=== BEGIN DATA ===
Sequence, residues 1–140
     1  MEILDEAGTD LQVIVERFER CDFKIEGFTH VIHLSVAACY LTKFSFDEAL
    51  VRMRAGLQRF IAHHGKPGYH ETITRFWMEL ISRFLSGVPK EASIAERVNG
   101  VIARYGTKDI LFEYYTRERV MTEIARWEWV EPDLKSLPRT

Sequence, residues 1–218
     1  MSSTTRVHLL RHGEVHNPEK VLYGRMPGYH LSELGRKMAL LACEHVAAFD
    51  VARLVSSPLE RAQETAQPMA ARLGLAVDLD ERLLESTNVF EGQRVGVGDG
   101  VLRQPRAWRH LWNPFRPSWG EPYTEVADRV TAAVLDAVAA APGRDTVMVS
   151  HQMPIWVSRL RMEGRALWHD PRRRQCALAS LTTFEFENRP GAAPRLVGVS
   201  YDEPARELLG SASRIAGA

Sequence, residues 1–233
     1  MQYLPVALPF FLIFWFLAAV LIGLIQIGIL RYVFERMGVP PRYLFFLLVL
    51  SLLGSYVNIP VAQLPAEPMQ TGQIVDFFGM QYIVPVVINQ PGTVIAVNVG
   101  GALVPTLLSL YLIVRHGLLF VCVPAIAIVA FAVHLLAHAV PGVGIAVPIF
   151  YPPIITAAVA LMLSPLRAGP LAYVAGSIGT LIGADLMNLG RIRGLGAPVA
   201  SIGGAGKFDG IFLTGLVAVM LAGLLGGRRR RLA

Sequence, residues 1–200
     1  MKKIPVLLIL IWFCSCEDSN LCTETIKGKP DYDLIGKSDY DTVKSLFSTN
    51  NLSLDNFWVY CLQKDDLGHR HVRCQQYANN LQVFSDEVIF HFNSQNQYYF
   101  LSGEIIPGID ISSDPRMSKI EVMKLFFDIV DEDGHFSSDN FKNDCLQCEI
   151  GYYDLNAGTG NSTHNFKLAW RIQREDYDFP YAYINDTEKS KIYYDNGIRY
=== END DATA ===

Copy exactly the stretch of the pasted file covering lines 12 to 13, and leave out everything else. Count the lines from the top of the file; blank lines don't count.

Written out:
     1  MQYLPVALPF FLIFWFLAAV LIGLIQIGIL RYVFERMGVP PRYLFFLLVL
    51  SLLGSYVNIP VAQLPAEPMQ TGQIVDFFGM QYIVPVVINQ PGTVIAVNVG